Simon Peter said to Jesus, “Let Mary leave us, for women are not worthy of life.”
Jesus said, “I myself shall lead her in order to make her male, so that she too may become a living spirit resembling you males. For every woman will make herself male will enter the kingdom of heaven.”
An Excerpt from The Gospel of Thomas
In light of popular media and its obsessions with the ‘other gospels’, and after reading and learning about the Gospel of Thomas for myself, I wanted to come to convictions about whether or not reading such a book has any value at all, for both Christians (who want to love Jesus) and for non-Christians (who would want to know this Jesus). As of now, my convictions stand that it doesn’t have much value in regards to learning about Christ at all.
There are many reasons, and a good number of books have been written on the subject, but I will only highlight two:
- This document is clearly a “gnostic” document, and no one would argue otherwise. By gnostic we mean a document that is written and perpetuated with gnostic philosophies and motivations in mind, hence the very first line of the document: “These are the SECRET sayings of Jesus…”The document contains a heavy amount of similarities from the canonical gospels with additions of pretty unique ideas and ‘sayings’ as well. Granted, the canonical gospels are “colored” as well in a sense that they are written from a certain perspective, albeit different.But this perspective is exactly why the canonical gospels are of value and why the Gospel of Thomas isn’t.The canonical gospels are written from a perspective that the life of Jesus was a CONTINUATION of God’s dealing with his people from the Old Testament and the writers are witnesses of those things. The narrative of his life, describing what he said and what he did, are written from this perspective, and for me, that is the correct one to be looking from. The Gospel of Thomas is a totally separate document which has its perspective (obviously) from a Gnostic one.This is why, as you read it, you’ll find very outlandish sayings such as the one above. It doesn’t take a genius to read through this document to conclude that that there’s something nutty going on here…
- Perhaps the confusion in weighing the value of the Gospel of Thomas is tainted by the supposition that it is an “early” document, some suggesting predating even the canonical gospels themselves. If you told the average person that this is a document that was written before the canonical gospels, of course they would re-question the value and the validity of both.However, in my studies, I have found that this early date is very over generous.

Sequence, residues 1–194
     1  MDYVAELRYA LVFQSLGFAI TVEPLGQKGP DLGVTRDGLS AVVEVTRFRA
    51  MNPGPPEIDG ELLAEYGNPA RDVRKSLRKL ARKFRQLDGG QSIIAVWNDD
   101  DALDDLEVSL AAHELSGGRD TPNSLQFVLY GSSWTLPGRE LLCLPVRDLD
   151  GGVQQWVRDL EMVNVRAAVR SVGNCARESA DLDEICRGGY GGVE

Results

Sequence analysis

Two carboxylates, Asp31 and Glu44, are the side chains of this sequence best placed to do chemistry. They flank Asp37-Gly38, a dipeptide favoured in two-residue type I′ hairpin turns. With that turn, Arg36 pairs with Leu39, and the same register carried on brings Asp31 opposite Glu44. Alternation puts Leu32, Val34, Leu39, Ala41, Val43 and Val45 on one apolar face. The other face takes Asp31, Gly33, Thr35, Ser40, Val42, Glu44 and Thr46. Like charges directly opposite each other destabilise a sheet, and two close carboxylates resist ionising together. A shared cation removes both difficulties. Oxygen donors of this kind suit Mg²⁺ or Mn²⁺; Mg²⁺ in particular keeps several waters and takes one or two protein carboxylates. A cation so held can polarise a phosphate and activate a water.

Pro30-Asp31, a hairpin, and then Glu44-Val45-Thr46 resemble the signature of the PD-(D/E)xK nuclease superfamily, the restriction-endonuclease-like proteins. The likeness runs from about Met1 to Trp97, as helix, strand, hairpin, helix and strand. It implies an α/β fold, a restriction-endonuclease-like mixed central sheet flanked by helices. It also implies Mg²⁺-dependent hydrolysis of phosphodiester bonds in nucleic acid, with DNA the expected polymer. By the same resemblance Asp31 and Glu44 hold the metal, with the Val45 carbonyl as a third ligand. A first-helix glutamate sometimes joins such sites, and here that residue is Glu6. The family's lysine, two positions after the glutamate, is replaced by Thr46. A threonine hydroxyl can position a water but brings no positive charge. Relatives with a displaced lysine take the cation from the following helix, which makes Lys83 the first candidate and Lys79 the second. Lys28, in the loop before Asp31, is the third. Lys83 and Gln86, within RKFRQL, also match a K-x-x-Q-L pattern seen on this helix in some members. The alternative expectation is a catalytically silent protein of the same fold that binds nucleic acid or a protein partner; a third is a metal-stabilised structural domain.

Note the following observations: Some of the quotations taken from the canonical gospels are taken from a late Syriac translation, not an early Greek one, arguing for a late second century date, not an early pre-gospel date as some have supposed.
Secondly, the fact that it contains Syriac themes and principles e.g. asceticism, celibacy, and vegetarianism also argues for that it is indeed a Syriac document.Thirdly, the Gospel of Thomas’s existence isn’t even mentioned until the 3rd century by Origen (in a condemning manner), when the canonical ones have been mentioned by church fathers for the previous two centuries.
If it looks like a duck, quacks like a duck, it probably is a duck. It is a late, Syriac document that probably arose, in the earliest, late second century.
When reflecting upon the value of this text, I do consider these reasons offered are worth considering.
The value of reading the Gospel of Thomas, for me, is limited to seeing what people thought about Jesus during the ‘early church’ period, and is missional, ensuring that those who hear of Jesus will hear of real one who can give life to the dead. But in regards to the God of the Bible, it’s a throwaway in regards to value for faith and a relationship with God.
Feel free to move on, knowing that there really isn’t anything new on under the sun.